Over the years I have encountered the many faces of death. What you briefly describe is not unfamiliar to me. My mind races back to an elderly couple who had a long and fruitful life together. When his wife of over a century became terminally ill, and suffered terrible pain, he decided, albeit with a false compassion, that they should leave this world together. I could appreciate the sentiment that moved him even though I could never approve of the tragic consequences. I would leave judgment to God. If it is true that love is the key to the kingdom then there might still be hope. Ours is a God more merciful than we could ever understand while we are in this world.

    All this is the long way around of saying YES; it is okay to miss and even to love both your grandparents.

  18. Is it a sin to play drinking games if you drink moderately and don’t get drunk? Is it setting a bad example for others playing, and is that a sin? I recently played a drinking game, but just drank one or two beers, and wasn’t trying to get drunk.

    FATHER JOE: Drinking in moderation is not a sin. If there are drinking games then it is likely that someone will be under the influence and/or get drunk. Drunkenness is a sin. Leading others into sin is also a sin . . . even if you remain sober.

  19. Hello Father –

    If I know that someone has committed a mortal sin, do I have a responsibility to keep them from receiving Holy Communion?

    FATHER JOE: Can you read souls? No. The responsibility rests with the individual person, God and sometimes the priest (depending upon what he knows and is free to divulge).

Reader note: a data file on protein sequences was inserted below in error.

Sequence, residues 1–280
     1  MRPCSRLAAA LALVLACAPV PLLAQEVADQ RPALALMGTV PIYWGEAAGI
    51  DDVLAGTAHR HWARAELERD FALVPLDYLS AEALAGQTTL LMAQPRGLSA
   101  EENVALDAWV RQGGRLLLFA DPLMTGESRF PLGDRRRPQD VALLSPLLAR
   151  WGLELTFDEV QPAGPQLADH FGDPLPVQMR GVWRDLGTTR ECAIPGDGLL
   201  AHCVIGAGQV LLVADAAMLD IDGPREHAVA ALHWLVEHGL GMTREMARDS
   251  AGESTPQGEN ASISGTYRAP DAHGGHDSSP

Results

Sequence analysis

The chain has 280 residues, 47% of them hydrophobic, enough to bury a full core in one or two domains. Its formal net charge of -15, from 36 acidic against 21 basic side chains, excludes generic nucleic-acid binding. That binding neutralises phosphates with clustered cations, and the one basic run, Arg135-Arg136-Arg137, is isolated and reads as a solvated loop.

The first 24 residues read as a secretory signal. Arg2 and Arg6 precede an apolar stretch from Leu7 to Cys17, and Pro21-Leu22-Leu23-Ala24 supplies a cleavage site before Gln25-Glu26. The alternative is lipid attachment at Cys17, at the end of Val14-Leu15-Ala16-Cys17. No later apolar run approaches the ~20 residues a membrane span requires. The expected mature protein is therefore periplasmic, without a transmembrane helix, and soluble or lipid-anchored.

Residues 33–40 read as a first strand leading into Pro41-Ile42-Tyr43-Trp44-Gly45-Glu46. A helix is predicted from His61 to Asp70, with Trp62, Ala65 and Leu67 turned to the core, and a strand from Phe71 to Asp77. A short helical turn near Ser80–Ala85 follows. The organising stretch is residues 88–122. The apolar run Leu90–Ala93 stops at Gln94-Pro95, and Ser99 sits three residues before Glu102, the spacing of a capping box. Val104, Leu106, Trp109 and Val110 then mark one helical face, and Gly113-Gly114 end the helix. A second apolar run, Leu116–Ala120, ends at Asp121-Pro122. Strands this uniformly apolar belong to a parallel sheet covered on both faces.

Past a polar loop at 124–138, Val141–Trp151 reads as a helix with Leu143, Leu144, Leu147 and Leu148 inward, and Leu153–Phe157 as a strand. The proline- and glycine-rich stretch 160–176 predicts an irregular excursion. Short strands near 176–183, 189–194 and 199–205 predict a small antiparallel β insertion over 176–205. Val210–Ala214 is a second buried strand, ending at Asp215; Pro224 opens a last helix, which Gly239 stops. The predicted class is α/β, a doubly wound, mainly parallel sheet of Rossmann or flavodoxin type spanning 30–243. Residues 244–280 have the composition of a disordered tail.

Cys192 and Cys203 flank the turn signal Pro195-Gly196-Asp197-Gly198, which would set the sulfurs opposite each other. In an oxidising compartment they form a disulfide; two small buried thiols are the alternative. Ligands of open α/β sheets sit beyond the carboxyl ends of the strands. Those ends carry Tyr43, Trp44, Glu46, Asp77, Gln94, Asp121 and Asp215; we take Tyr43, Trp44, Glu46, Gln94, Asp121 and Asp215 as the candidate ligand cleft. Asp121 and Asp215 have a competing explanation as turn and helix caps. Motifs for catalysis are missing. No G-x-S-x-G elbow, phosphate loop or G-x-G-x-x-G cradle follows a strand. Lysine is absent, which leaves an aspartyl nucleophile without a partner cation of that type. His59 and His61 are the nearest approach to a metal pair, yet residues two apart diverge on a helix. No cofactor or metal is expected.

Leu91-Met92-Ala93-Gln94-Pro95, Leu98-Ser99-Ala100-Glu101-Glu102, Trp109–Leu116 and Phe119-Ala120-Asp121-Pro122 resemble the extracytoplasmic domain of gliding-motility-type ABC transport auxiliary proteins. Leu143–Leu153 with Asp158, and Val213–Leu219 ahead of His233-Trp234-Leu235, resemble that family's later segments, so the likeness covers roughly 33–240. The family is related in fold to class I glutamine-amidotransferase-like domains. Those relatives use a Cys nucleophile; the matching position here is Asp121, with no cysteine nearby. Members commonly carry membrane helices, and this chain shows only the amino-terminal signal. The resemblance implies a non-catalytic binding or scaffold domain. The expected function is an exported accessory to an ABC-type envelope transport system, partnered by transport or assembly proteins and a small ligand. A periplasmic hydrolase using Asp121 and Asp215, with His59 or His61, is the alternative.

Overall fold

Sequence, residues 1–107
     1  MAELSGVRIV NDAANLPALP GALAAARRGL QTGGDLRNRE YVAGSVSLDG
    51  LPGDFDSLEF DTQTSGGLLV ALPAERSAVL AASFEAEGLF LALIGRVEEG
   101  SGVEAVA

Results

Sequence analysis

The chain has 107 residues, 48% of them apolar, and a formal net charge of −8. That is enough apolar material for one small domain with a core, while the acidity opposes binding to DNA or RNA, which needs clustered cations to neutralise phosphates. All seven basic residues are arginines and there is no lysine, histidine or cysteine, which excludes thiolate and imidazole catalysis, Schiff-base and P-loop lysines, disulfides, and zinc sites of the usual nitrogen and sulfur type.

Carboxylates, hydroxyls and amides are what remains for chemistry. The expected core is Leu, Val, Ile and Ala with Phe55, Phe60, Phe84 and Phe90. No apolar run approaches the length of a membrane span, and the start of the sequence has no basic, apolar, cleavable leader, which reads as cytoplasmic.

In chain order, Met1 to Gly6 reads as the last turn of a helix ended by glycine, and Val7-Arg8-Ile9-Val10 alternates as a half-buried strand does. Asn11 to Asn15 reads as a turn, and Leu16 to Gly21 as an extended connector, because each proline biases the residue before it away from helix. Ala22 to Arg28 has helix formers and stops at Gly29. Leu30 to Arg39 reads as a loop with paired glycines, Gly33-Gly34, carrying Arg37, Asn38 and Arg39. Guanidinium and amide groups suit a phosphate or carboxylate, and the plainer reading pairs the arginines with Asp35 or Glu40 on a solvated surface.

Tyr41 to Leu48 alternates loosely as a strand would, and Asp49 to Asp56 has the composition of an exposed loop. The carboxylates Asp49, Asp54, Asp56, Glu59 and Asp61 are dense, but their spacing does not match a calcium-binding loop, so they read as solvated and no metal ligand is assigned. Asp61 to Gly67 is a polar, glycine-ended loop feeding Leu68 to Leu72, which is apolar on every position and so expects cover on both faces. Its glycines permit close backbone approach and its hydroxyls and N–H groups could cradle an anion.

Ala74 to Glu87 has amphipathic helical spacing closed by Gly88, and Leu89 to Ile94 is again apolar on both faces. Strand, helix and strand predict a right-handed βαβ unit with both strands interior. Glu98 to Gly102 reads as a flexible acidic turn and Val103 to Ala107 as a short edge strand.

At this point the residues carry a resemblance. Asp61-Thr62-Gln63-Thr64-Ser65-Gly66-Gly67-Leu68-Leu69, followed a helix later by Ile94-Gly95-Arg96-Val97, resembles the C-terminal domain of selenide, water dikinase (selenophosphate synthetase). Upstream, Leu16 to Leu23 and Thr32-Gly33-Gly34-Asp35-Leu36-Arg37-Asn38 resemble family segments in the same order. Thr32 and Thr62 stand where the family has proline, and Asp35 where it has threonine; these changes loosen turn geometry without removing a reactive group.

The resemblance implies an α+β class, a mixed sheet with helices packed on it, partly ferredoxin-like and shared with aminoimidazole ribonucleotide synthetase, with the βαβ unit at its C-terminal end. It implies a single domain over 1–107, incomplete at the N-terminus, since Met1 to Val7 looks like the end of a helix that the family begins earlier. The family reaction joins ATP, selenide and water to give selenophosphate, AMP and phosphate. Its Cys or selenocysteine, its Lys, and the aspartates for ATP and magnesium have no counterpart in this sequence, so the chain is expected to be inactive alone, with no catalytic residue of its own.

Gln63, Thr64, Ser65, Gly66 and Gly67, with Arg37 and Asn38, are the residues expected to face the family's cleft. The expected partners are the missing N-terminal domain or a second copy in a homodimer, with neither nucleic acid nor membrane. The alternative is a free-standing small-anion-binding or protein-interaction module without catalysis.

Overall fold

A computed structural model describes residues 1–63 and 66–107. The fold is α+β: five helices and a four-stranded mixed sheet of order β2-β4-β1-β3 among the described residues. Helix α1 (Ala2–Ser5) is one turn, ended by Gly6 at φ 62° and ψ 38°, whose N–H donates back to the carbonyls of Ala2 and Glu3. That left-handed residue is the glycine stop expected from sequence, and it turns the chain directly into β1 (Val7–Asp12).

20. Dear Father,

    I’m a practicing Catholic and I was having a conversation with an Anglican (High Church) friend of mine over the papacy and he turned my attention towards this interesting tidbit in the Bible. In the First Council of Jerusalem, in the Acts of the Apostles, why did St. James preside over the Council and not St. Peter? I do realize that the older we go through history the more we see the Pope portrayed as “First Amongst Equals” than a definitive arbitrator, but in here St. Peter wasn’t even First Amongst Equals, it was St. James.

    Yours in Christ,


    It should first be noted that the concession of the pope as “the first among equals” may be popular among Anglicans and the Orthodox; however, in truth the Catholic faith has always esteemed him as so much more. . . the one with the keys, a primal juridical authority and having a special relationship or charism of truth with the Holy Spirit.

    Look at the text. James does not speak until Peter has spoken and the issue of the council is resolved (Acts 15:13). We read (Acts 15:1-12):